Claremont Review of Books

“Her clear and precise imagery is reminiscent of Elizabeth Bishop and, shockingly, she tries to communicate important ideas to readers—including nonacademic readers. She exchanges postmodern snark for sincerity and wry wit….In recent decades we have produced almost no “public poets”—poets of the genius of Robert Frost and Edna St. Vincent Millay, poets whose work displays both the depth to interest academics and the accessibility to interest the general public. With her refreshing love of language and ideas, Maggie Smith is one of our best bets to fill that void.” Read more

The Rumpus

Look closer seems to be this poet’s credo—a directive which is not about looking forward or back, not about distance traveled so much as attention paid, committed. Smith wields nothing if not a mighty and committed gaze….Part of looking closer is seeing what is hard to face, and part of having courage is addressing what seems futile. In an earlier poem, Smith had noted, “Consider the baby I can’t hold any closer / to make him grow.” In another, she lamented with palpable sorrow, “This world is harrowing, harrowing, / all harrow, as if harrow were what / the world is made of.” What is she going to do now? What are we going to do now? How are any of us going to find the right way, or the right-of-way, to continue?” Read more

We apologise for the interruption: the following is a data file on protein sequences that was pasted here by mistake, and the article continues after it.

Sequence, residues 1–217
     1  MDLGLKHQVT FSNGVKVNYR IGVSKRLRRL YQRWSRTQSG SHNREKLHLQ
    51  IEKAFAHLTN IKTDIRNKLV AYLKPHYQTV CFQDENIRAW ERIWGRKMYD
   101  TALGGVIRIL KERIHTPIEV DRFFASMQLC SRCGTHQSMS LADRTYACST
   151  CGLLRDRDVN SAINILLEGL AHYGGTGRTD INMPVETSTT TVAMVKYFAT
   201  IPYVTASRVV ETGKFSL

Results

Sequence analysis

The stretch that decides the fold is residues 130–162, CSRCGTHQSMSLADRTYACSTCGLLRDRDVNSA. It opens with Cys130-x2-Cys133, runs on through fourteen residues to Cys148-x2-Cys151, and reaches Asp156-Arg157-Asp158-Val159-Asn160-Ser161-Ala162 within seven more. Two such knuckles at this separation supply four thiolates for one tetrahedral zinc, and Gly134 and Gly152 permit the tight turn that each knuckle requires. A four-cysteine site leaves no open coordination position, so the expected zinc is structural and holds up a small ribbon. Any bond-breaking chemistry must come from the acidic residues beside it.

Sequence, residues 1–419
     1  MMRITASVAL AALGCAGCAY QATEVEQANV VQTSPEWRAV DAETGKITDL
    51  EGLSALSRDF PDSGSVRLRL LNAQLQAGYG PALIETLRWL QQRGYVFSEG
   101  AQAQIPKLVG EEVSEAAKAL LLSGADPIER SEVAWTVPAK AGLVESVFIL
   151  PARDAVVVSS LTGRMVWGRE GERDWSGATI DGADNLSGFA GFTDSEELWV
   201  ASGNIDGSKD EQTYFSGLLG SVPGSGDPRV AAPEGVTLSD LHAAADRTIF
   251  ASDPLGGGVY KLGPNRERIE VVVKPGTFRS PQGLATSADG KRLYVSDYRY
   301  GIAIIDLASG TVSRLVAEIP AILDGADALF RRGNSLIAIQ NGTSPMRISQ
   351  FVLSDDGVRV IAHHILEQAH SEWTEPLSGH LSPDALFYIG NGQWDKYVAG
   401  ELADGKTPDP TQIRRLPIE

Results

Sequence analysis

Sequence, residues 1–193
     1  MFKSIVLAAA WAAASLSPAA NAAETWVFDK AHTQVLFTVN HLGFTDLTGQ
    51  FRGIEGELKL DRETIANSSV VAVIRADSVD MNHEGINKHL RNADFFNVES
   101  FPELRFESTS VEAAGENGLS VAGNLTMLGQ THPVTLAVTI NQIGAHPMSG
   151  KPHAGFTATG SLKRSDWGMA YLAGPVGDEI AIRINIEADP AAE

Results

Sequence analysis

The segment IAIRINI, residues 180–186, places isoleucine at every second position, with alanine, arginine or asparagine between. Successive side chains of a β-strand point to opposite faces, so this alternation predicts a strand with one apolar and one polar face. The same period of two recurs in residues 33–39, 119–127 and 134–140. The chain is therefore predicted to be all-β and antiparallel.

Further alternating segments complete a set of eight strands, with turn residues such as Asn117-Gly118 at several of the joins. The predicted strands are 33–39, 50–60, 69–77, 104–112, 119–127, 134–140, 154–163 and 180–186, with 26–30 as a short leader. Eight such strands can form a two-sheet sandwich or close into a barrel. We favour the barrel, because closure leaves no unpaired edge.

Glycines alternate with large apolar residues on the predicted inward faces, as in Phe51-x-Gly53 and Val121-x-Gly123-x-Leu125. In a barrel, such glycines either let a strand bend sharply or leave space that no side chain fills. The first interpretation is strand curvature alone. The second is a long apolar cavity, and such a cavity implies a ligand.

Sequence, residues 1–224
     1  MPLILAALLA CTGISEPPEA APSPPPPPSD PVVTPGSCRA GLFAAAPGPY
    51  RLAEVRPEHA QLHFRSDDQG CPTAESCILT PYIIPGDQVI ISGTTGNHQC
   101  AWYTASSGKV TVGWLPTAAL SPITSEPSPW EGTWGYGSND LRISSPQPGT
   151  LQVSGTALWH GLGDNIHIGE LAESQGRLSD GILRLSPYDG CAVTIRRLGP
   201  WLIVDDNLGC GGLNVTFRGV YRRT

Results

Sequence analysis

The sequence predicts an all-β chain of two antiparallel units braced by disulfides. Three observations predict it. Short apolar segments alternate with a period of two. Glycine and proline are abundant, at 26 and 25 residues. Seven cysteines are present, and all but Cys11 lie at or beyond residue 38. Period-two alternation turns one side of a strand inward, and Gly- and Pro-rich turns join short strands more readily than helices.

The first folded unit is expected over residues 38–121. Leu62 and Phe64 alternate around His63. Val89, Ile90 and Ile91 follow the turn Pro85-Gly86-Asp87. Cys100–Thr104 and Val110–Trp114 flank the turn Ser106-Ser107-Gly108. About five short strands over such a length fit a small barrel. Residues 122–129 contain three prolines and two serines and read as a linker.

Michigan Quarterly Review

“The subtle mark of Smith’s excellence is how each poem arrives where it’s at—meeting both itself and the world, inhabiting them at once and entirely. The poems wander, examining the reflexive nature of our human, animal, moral and ethical mind, but by the final line they come fully into themselves. This mark is Smith’s capacity for hearing and feeling how the poem is in communication with the world through its various parts, and conveying with control and yet enough sense of wonder this contract with the world, self, and language.” Read more